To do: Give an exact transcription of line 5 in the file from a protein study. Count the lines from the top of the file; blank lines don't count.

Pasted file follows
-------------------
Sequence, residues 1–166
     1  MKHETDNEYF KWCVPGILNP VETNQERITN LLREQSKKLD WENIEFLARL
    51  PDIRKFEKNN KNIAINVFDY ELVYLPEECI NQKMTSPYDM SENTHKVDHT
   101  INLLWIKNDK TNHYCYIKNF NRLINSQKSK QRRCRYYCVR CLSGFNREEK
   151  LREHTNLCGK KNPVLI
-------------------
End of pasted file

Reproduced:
   151  LREHTNLCGK KNPVLI